A former senior member of the Industry and Trade Ministry recently attacked Finance Ministry budget director Kobi Haber and Manufacturers Association of Israel (MAI) president Shraga Brosh of "closing a deal" that "cost the business sector NIS 3 billion - NIS 3.5 billion."

The affair began during the previous government's term. The Finance Ministry, looking for ways to save the pension funds, asked the help of the manufacturers to assemble arrangements for the pension funds. The manufacturers agreed to increase the amounts they set aside for worker pensions and to push back the retirement age from 65 to 67.

The manufacturers, who employ 100,000 workers under the funds belonging to the arrangement, had an interest in preventing their collapse, and they responded positively on the condition that they be compensated.

The compensation was a separate arrangement to decrease by 1.5 percent employer payments to the National Insurance Institute, starting in 2005. The document including the mutual commitments was signed by then-MAI president Oded Tyrah and then-finance minister Benjamin Netanyahu. The deal, considered Tyrah's greatest achievement during his tenure, was dependent on approval by the Knesset finance committee.

According to the sources, when Brosh took over from Tyrah, Haber approached him on the eve of passing the 2005 state budget. He sought to alter the government commitment due to difficulties in passing the budget. Discussions led to an agreement to postpone compensation, to change the rate of NII payments. "Brosh's agreement to the changes cost manufacturers NIS 3 billion - NIS 3.5 billion, which won't be coming back" say the sources.

Brosh, who by virtue of his position at MAI also serves as president of the Federation of Israeli Economic Organizations, received approval to make the compromise by the relevant institutions both in MAI and the federation. According to the sources, Haber made it clear to Brosh that he appreciated Brosh's agreement to postpone, and that now Haber 'owed him one.' The sources state this is the basis for the good relations between the pair.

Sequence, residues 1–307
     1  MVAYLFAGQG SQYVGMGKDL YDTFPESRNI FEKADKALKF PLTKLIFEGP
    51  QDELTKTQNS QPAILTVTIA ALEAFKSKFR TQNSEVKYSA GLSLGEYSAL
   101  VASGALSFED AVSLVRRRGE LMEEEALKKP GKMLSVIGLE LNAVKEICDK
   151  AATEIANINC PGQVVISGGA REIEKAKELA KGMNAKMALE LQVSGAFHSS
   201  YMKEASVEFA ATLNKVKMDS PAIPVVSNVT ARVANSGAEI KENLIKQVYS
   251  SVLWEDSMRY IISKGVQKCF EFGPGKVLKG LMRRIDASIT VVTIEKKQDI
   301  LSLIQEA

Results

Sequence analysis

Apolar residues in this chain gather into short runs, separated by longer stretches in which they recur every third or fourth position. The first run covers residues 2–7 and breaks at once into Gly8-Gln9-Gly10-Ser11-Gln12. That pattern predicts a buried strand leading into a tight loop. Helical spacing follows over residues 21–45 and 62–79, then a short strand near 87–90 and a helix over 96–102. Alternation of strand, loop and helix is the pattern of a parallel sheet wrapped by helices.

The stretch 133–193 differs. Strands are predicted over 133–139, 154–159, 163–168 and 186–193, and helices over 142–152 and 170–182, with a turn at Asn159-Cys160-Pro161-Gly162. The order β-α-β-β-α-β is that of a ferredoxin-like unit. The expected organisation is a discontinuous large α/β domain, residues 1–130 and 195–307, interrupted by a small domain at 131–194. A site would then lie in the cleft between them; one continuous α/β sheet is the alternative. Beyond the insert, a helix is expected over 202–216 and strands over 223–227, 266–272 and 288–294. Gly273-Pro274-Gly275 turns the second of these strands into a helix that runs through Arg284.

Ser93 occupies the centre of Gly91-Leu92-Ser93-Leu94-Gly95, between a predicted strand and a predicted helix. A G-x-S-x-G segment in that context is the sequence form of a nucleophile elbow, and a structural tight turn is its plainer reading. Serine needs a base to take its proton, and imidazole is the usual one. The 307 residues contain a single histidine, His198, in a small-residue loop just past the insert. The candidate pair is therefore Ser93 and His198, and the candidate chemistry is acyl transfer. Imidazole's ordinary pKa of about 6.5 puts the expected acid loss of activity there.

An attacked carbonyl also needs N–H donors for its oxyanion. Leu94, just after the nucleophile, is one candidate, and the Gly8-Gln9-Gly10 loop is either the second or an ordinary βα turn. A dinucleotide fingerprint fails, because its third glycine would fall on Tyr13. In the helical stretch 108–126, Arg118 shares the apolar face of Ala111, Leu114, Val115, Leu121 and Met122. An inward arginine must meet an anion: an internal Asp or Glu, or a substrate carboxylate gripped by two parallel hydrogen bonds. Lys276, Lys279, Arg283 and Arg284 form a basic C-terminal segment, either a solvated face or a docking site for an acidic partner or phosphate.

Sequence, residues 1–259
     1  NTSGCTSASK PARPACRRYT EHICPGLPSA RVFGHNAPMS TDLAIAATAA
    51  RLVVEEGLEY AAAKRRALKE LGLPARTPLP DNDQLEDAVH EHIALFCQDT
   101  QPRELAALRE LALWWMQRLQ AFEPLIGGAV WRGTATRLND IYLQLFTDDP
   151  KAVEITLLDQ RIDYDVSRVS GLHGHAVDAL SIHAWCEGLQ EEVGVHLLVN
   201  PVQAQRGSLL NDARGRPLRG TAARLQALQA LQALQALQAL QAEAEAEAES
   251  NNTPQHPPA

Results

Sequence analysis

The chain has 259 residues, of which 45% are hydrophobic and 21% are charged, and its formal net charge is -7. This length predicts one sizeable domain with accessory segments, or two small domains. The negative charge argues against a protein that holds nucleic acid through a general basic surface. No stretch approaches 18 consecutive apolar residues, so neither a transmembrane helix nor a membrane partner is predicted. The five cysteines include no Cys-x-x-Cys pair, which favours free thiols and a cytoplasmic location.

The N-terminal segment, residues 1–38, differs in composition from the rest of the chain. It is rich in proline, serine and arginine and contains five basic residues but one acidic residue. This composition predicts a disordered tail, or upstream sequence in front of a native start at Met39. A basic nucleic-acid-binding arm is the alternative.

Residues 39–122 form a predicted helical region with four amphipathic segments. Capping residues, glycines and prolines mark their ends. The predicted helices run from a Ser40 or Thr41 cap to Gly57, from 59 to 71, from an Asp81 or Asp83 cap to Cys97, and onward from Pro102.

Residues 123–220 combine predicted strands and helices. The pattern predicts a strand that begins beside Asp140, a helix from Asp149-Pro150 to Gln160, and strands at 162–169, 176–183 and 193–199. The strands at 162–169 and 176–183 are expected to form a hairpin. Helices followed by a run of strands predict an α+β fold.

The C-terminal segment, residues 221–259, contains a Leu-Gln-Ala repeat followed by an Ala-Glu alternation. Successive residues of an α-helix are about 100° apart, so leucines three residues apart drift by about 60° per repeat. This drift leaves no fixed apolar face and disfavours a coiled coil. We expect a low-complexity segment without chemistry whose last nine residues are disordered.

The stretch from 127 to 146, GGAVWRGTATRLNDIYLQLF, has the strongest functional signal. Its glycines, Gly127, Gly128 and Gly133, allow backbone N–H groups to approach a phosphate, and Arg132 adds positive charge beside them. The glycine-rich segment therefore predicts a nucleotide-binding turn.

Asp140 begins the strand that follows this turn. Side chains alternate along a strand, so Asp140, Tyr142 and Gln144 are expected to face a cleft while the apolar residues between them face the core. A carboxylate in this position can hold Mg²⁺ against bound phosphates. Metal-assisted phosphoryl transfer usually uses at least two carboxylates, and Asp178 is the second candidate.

Ahead of talks about the 2006 state budget, manufacturers sought to call in their favor on Haber, including budget additions to support research and development, promoting exports and transfering factories from the center to Park Noam in the Negev.

Moving the factories is one of Brosh's pet projects to promote his socially-oriented strategy. Some manufacturers have recently criticized the idea, saying "even if the move is suitable, its a small return from the state to the sector and does not constitute compensation of the billions he gave it." Others said Brosh was promoting the project because he believed in it, and it seemed he "wants others to say he is the most socially-oriented president Israel has ever seen."

Brosh confirmed he assented to Haber's request but denied Haber said he owed Brosh. Brosh added, "Haber was in an uncomfortable situation", from which Brosh helped extract him. Thus, it should come as no surprise that "if I go after half a year and say we need to move factories to the Negev, then somebody owes me." However, he denied it was a tit-for-tat deal. "The Noam matter came up much later", Brosh noted.

The Finance Ministry commented, "There wasn't any deal between the Finance MInistry and any individuals in the business world."

Regarding Park Noam, the treasury said its establishment was raised by then-finance minister Benjamin Netanyahu and then-industry and trade minister Ehud Olmert. The plan to build the industrial park in the Negev matched the government's work plans to strengthen peripheral areas and to increase investment in this region.